Sept. 19, 2012 – During the “budget repair bill” debate of the past year, the Wisconsin courts considered headline-grabbing issues about the Wisconsin Public Records and Open Meetings Laws – from the Wisconsin Legislature’s meeting procedures to a local school board’s response to a media request for teachers’ sick-leave notes. The latest supplement to the State Bar of Wisconsin PINNACLE® The Wisconsin Public Records and Open Meetings Handbook, written by Melanie Swank, assistant city attorney with the Milwaukee City Attorney’s Office, covers these developments. But it goes beyond newspaper headlines – it analyzes the court decisions, and it examines the laws themselves.
Practical Applications of the Public Records and Open Meetings Laws
The handbook, available both in print and online via Books UnBound®, thoroughly explores the public records and open meetings laws. Part I discusses the practical applications of the public records law, explaining what should be included in a public records request, how public records custodians should respond to a request, and the time limits involved in the response process. The handbook also devotes one chapter to a discussion of the federal Freedom of Information Act and another chapter to the special issues of electronic public records, such as whether governmental employees’ personal e-mail communications might be subject to disclosure under the public records law. Part II of the Handbook, also taking a practical tack, discusses what entities and meetings are covered by the open meetings law, how notice of a meeting should be given to the public, when a meeting can be closed to the public, and how the open meetings law is enforced.
Updated Appendices, Added Value
Besides its substantive analysis, the handbook provides several useful materials in its appendices. One appendix reprints the Wisconsin Public Records and Open Meetings Laws in full, including all amendments made during the Wisconsin Legislature’s 2011 - 12 regular session. A second appendix summarizes key public records and open meetings cases, and a third lists and briefly describes statutory exceptions to the public records law. Other appendices provide samples of a notice for a public records request, a public notice for a meeting of a governmental body, and a verified open meetings law complaint. Finally, the 2012 supplement adds a Table of Cases and a Supplement Table of Cases to make relevant cases even easier to find.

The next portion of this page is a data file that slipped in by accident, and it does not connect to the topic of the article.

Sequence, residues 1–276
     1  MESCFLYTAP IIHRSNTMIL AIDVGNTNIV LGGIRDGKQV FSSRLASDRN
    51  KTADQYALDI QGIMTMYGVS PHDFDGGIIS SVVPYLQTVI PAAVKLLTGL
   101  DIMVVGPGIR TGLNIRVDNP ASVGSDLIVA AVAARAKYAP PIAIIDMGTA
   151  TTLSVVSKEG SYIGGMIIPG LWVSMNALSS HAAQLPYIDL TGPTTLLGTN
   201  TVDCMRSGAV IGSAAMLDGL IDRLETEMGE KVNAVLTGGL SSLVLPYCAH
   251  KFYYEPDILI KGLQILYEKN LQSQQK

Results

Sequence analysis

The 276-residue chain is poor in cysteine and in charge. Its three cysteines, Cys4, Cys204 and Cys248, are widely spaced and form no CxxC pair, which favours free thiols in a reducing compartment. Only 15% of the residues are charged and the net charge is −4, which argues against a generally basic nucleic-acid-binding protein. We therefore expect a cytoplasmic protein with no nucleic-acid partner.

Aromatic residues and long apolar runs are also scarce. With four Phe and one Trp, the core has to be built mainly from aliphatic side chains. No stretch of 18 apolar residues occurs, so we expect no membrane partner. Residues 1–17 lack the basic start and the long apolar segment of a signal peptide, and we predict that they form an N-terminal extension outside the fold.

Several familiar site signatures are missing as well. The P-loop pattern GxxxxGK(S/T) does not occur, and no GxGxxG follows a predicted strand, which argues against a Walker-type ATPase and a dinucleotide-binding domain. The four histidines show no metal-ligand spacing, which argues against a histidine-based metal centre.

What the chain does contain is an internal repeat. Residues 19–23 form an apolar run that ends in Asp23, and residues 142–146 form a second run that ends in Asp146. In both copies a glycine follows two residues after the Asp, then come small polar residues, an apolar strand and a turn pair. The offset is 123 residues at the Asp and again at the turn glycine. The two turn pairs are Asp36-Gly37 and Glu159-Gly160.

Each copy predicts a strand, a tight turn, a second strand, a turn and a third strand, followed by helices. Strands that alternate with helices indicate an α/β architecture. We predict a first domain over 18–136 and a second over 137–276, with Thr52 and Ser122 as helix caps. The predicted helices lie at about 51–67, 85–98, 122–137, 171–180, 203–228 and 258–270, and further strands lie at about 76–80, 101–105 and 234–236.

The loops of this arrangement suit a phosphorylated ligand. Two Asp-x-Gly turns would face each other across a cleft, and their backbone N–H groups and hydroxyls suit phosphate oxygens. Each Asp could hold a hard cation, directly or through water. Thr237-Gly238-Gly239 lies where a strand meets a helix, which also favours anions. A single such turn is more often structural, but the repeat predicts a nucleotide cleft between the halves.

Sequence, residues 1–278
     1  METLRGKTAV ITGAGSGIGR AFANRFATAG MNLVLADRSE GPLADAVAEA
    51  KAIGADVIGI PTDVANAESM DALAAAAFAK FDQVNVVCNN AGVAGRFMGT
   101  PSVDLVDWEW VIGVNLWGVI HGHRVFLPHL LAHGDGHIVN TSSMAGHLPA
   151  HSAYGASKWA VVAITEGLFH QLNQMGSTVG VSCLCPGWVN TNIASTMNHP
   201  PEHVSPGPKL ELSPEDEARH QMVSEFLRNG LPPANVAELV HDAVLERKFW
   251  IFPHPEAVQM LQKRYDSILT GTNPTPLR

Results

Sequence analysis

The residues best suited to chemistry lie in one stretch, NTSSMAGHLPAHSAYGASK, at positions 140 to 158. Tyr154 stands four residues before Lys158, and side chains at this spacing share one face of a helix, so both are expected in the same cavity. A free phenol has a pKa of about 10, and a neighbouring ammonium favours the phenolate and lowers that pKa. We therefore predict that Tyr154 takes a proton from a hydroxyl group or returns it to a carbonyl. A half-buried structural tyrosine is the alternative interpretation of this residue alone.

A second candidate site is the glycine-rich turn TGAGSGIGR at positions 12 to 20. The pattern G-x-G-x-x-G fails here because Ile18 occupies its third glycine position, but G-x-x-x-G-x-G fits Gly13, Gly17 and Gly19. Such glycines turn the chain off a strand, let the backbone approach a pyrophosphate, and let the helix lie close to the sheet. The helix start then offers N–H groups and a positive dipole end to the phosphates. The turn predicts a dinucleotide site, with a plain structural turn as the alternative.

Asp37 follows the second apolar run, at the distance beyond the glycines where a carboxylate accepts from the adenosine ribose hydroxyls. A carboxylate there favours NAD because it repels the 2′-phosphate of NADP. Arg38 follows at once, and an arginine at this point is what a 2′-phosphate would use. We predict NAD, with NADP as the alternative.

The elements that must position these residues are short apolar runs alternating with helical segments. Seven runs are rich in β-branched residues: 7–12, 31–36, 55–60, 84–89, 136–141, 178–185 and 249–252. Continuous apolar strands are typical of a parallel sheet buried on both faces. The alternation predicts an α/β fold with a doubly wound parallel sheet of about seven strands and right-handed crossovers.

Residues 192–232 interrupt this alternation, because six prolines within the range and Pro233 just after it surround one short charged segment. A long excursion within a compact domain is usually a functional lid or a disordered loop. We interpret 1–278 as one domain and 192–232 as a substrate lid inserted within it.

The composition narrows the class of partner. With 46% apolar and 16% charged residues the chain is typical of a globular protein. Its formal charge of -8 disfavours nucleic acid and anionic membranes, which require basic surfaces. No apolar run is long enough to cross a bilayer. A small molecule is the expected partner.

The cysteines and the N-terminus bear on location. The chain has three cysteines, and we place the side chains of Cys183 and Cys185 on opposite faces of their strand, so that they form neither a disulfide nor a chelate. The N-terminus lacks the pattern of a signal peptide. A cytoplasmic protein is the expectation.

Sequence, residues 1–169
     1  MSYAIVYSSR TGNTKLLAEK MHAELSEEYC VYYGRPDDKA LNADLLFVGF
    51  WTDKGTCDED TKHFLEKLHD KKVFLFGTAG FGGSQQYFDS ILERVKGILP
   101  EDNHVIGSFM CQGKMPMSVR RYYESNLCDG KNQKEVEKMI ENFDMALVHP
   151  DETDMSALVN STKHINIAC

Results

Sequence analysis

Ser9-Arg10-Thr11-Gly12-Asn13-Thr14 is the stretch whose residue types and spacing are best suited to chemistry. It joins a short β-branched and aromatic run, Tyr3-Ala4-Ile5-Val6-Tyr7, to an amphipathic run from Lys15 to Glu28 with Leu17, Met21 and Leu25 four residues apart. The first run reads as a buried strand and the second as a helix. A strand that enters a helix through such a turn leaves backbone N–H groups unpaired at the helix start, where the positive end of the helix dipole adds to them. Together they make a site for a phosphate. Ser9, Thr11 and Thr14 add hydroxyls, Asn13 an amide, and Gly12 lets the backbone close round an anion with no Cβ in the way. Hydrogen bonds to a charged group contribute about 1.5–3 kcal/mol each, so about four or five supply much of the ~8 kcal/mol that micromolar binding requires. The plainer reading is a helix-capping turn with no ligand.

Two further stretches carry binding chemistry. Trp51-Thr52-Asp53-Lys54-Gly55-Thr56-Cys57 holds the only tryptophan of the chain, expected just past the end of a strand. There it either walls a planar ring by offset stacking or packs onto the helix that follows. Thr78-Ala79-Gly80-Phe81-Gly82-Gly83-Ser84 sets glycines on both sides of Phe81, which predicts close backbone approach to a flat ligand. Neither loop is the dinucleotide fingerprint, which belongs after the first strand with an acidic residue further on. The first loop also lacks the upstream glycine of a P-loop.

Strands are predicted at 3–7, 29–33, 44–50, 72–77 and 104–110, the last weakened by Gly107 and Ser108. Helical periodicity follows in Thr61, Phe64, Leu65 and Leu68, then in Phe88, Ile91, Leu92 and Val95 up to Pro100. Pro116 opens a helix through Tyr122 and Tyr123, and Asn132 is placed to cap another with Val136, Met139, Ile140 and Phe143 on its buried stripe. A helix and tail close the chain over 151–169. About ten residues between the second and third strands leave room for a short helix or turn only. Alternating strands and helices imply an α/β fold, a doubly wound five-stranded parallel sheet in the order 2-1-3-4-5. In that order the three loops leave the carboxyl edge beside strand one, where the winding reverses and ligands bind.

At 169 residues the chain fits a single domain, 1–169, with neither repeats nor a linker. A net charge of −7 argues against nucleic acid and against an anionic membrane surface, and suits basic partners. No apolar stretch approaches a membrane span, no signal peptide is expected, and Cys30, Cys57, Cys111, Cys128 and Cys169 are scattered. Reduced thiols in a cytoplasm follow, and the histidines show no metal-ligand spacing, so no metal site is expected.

The handbook is available in print to members for $129 and to nonmembers for $159, plus tax and shipping. Subscribers to the Bar’s automatic supplementation service will receive future updates at a discount off the regular price. Annual subscriptions to Books UnBound start at $149 per title and $649 for the full library (single-user prices; call for law firm pricing). To order or for more information, visit the WisBar Marketplace or call the State Bar at (800) 728-7788 or (608) 257-3838.
Attend the State Bar of Wisconsin PINNACLE® Public Records/Open Meetings live seminar on Sept. 27, in Madison, offered simultaneously as a webcast, and on Oct. 10 and 31 as a webcast. This seminar is co-produced by the Government Lawyers Division and the Administrative and Local Government Law Section.